EVAWI: First, congratulations on the Media Excellence Award you'll receive next month in Orlando at the End Violence Against Women International conference. Reporters don't do what they do with an eye on winning awards, but what does this group's recognition mean to you? 
Miller: I’m thrilled to have been honored with this award. EVAWI was an incredibly important resource to me and my colleague, Ken Armstrong of The Marshall Project, during the reporting on our investigation, An Unbelievable Story of Rape. I counted on Joanne Archambault, Kimberly A. Lonsway and others to provide fact-based perspectives on the topic of sexual assault. To me, the award is recognition that we were able to successfully share their knowledge with a wide audience of the general public.

EVAWI: You'll be presenting to the entire group of attendees -- probably 2,000-plus -- on the first morning of the conference. Without giving away the farm, can you give us an idea of what you'll be talking about?

Miller: Sexual assault is an incredibly complex topic. The media face challenges in accurately and compassionately reporting on it. I hope to share with the audience an insider’s look at how we reported and wrote our story. I also want to examine the role that the media play in helping to maintain – and dispel – the stigma that surrounds the issue.

EVAWI: You worked on the story of Darren Sharper, the former NFL star who last year was sentenced to 18 years in prison for a series of rapes. What was the one aspect of your reporting that surprised you the most about that case?

Miller: The Darren Sharper case actually launched a broader inquiry into how the police investigate rape. Sharper pled guilty to committing a number of rapes in a number of different jurisdictions. When I began examining those cases, I was surprised at how detectives in some jurisdictions had missed obvious connections that might have been able to put an end to his predatory behavior sooner. That discovery led to our story on the hunt for serial rapist Marc O’Leary – a case filled with examples of both good and bad police work.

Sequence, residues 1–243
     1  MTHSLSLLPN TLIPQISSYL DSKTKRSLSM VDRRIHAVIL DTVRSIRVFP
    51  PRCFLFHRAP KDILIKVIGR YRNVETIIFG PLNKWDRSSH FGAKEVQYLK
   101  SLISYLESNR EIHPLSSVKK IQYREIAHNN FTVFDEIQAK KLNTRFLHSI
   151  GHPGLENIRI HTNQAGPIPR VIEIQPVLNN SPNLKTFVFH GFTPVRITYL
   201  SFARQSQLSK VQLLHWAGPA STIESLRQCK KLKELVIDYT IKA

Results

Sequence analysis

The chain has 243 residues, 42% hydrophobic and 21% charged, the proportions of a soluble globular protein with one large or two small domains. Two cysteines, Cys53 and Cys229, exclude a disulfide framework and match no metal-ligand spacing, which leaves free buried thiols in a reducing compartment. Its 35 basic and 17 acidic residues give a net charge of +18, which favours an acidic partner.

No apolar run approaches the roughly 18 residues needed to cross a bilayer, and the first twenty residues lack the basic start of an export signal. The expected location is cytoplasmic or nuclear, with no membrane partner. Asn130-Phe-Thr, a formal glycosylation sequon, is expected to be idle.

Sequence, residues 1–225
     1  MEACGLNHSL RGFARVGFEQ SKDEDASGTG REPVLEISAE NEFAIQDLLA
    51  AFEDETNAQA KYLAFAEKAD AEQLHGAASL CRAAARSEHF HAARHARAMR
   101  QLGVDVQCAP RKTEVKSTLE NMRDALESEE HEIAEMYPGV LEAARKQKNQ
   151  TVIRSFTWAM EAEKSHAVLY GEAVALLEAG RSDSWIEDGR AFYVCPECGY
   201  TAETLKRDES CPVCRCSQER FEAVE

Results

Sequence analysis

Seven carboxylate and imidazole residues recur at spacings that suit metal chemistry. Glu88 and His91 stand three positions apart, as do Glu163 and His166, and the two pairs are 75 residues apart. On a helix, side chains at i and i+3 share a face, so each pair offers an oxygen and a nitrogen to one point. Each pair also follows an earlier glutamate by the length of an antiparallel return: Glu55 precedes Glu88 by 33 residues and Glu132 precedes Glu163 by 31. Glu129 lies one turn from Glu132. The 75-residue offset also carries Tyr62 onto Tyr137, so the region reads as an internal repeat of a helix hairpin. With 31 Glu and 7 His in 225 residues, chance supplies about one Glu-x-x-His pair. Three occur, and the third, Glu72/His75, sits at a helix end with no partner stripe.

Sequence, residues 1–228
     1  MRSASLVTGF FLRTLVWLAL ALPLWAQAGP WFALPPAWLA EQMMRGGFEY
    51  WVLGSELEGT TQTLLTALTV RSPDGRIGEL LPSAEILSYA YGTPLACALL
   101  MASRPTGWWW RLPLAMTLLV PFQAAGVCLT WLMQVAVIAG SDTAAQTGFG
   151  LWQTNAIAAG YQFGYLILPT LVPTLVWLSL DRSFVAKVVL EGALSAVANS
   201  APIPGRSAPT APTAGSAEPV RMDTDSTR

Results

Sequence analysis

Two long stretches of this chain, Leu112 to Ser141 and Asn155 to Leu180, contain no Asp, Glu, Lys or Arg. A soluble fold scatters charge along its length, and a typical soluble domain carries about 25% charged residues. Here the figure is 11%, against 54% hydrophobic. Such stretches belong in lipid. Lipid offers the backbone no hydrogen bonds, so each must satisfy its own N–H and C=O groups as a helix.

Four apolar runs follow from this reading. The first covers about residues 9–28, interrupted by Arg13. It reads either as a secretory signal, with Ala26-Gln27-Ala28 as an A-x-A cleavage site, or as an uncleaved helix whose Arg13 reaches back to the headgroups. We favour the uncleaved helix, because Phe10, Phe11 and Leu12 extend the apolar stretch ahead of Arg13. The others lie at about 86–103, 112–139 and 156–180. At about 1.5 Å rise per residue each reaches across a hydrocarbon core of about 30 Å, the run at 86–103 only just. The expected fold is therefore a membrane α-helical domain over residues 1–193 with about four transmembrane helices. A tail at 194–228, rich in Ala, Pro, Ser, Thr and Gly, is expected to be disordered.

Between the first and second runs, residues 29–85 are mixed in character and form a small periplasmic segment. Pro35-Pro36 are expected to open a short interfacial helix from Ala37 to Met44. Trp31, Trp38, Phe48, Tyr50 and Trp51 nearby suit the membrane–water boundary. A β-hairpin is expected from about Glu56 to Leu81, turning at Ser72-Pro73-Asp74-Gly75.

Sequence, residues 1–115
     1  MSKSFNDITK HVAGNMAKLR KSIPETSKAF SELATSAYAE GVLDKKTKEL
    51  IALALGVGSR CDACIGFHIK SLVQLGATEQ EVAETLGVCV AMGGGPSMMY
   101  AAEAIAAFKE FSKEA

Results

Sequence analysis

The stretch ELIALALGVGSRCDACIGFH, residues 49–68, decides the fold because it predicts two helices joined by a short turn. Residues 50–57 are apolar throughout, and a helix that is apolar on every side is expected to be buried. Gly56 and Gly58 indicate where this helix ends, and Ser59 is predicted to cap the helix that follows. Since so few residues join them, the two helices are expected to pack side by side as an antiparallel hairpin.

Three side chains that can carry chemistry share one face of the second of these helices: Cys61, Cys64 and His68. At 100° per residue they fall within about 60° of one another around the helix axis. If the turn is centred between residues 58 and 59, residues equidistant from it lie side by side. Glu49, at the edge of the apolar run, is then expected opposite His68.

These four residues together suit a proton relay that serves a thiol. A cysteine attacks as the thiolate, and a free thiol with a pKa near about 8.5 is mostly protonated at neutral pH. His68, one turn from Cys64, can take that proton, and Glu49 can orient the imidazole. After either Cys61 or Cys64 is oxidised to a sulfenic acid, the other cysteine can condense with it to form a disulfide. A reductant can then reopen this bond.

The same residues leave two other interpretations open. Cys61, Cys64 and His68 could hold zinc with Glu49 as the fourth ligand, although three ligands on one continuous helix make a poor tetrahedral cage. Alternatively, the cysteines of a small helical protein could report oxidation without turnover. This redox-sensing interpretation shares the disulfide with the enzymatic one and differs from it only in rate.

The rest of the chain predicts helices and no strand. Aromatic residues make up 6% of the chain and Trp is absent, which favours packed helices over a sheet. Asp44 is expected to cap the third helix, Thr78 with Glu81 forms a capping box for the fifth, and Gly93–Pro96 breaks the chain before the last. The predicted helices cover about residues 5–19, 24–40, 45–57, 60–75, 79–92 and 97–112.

EVAWI: ProPublica -- and you, personally -- have developed reputations for not being afraid to dig into difficult stories. That seems rare in journalism these days. How did this develop for you and your company? 

Miller: ProPublica is a non-profit investigative news organization that collaborates with other media to do stories with moral force. To execute this piece, ProPublica joined hands with The Marshall Project, an investigative non-profit devoted to criminal justice issues. Both of our organizations have a strong commitment to doing powerful, complex stories. This work is not always possible at traditional media outlets, which have been squeezed by economic pressures. Both our groups have been lucky to count on donors who recognize the importance of in-depth and independent reporting.

EVAWI: Is there a story you haven't worked on yet that you'd give anything to tackle? 

Miller: This is an interesting question. Most of us are familiar with non-profits and journalistic organizations that tackle cold cases involving murder, sometimes solving cases that occurred years prior. I have wondered whether a similar initiative might be possible for cases involving sexual assault. It’s something that I am certainly open to exploring.

If you would like to hear Mr. Miller speak, join us on April 18, 2017 at the International Conference on Sexual Assault, Domestic Violence, and Systems Change!  You can register at www.evawintl.org.   


Dave Cohen, EVAWI Associate Board Member